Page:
However, posit arithmetic needs two additional instructions: QL loads the quire register from memory, and QW writes the quire register to memory. A similar base+offset system can be used for the quire. Quire locations in memory should be integer multiples of 64 bytes (512 bits) for alignment.


6.5 Single-Precision Posit Computational Instructions


Posit instructions map to the floating-point instructions except for name: PADD.S, PSUB.S, PMUL.S, PDIV.S, PMIN.S, PMAX.S, and PSQRT.S. Note that PMIN.S and PMAX.S should behave exactly the same as if the arguments were 2’s complement signed integers, so there is no need for extra hardware for those instructions.


The 2-bit encoding fmt should change meaning for standard posits, which range from 8-bit to 64-bit precision.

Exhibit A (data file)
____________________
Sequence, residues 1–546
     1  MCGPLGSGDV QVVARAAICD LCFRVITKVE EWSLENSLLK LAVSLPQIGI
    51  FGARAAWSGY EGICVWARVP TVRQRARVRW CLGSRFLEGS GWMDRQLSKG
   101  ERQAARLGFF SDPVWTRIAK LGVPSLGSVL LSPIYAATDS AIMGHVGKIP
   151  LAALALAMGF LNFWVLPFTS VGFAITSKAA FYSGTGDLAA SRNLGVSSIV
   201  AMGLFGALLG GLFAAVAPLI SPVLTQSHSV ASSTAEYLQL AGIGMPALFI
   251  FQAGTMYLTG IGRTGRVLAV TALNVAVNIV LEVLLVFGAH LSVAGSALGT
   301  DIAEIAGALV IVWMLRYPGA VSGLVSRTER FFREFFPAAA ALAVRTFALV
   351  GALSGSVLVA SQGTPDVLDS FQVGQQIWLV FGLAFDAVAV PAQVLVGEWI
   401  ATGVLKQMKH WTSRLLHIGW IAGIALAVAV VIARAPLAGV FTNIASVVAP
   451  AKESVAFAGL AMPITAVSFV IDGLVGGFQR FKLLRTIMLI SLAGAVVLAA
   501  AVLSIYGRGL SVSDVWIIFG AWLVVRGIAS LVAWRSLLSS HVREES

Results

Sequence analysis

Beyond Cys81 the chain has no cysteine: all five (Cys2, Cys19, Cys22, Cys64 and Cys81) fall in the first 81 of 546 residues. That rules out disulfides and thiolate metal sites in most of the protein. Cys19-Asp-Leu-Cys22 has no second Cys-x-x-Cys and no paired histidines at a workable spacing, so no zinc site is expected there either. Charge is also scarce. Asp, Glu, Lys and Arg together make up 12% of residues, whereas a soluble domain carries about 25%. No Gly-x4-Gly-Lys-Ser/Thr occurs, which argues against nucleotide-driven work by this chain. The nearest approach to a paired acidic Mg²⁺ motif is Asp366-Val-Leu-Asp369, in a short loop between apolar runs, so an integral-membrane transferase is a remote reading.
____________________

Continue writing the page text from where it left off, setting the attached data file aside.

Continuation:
Fmt field





8-bit (byte) precision



16-bit (half) precision



32-bit (single) precision



64-bit (double) precision


There is no need for a rounding mode, so the rm field is unused, or perhaps can be repurposed if bits are needed to accommodate quire instructions.


The four fused operations FMADD.S, FMSUB.S, FNMSUB.S, and FNMADD.S are replaced by quire instructions, which only require at most two register fields rs1 and rs2 instead of three:


QMADD.S : q q + rs1 × rs2

QMSUB.S : q qrs1 × rs2

QCLR.S : q ⟵ 0

QNEG.S : q ⟵ –q

The quire behaves as a fixed-point register where the least-significant 240 bits are the fractional part; sign is indicated using 2’s complement. The quire stores NaR as posits do: a 1 in the MSB and 0 for all the other bits. A NaR quire state remains NaR until QCLR.S is called. If rs1 or rs2 are NaR posits in a QMADD.S or QMSUB.S operation, the quire becomes NaR in its format. A QNEG.S automatically leaves NaR unchanged just as it leaves 0 unchanged, so no exception is required for it to handle NaR.